These days it seems R40 can’t get you far, but maybe that’s because you’re not thinking outside the box like Cape Town entrepreneur Lufefe “Spinach King” Nomjana.
In 2012, Nomjana was volunteering at a community garden with a large quantity of spinach, and flat out broke with only R40 in his pocket, according to How We Made It In Africa.
But his ingenuity kicked in when he recognized an opportunity to make and sell spinach bread in his township of Khayelitsha.
After doing research on recipes, which revealed spinach bread is nutritious and delicious, Nomjana cut a deal with his neighbor to allow him to use her oven to bake his first loaf.
With no luck pitching his idea to investors, Nomjana decided to start his bakery Espinaca Innovations, specializing in spinach-based baked goods, on his own.
“Back then it was not about profits. I was building the brand, and actually educating people about [healthy eating],” he tells How We Made It In Africa.
Nomjana was barely in his 20s when he began selling clothing door-to-door. But, although he was hard-working and driven, he realised he wasn’t as financially savvy as he needed to be to run a business.
“Although I had the ambition and discipline to be self-employed, things weren’t going well,” he says. “I didn’t know enough about stock control, cash flow and so on.”
It was on a five-month course at the Raymond Ackerman Academy (of Entrepreneurial Development) that Nomjana realised that he could build a business while helping people in his community. He was bothered by the fact that people around him didn’t have access to healthy alternatives by way of convenient food and that many were unaware of how harmful poor dietary choices could be.
“I started thinking about how I could build a business and also help people. Also, I needed to establish something with very little money — R40, in fact. That’s when I began thinking spinach thoughts,” says the 28-year-old. “Spinach grows easily almost everywhere. It’s one of the most nutrient-rich vegetables with many healthy side effects. So I planted spinach and began experimenting with recipes.”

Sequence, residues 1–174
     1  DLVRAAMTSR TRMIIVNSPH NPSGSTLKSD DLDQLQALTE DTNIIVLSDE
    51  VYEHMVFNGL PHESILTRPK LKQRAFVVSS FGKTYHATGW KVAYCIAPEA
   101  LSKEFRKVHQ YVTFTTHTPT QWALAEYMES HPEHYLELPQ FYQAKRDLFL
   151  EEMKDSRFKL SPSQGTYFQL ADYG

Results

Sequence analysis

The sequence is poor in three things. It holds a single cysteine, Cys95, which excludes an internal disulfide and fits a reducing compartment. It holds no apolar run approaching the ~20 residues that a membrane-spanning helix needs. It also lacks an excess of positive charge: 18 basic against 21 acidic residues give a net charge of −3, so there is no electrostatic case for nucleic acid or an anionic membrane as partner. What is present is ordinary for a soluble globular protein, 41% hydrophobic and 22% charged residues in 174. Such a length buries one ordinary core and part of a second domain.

“My vision was to produce something that would convince people in my neighbourhood that healthy eating could be as affordable and tasty — and convenient — as the fast food they are used to.”
Since Nomjana began baking four loaves every night, Espinaca Innovations’ capacity has grown considerably. In 2014, the 28-year-old entrepreneur won a SAB Foundation’s Social Innovation Award, which included a pay-out of R90,000 that he combined with his savings to buy baking equipment and establish a storefront bakery, built out of a renovated shipping container.
Fast forward to today, Espinaca Innovations produces 500 loaves from spinach sourced from local farmers in addition to muffins and sandwiches. And it has a bike delivery service.
This month, the “Spinach King” has launched a second café and bakery in Khayelisha Mall, and is on-track to open a new factory in August with plans to expand into low-carb “banting bread,” a bread alternative popular in Cape Town.
Nomjana says his story is evidence that entrepreneurs do not need huge amounts of capital to start a business. He advises other aspiring businesspeople to first identify the resources they have at their disposal and then figure out how to use them.
“Life is about having something to give in order for you to receive. And what is it that you have? You’ve got the brains, the intellectual capital and that will actually open many doors for you. So the first capital that you need, more than money, is intellectual capital.”
Moral of the story: Believe in yourself because anything is possible, even with only R40 in your pocket.
Watch the incredible video below: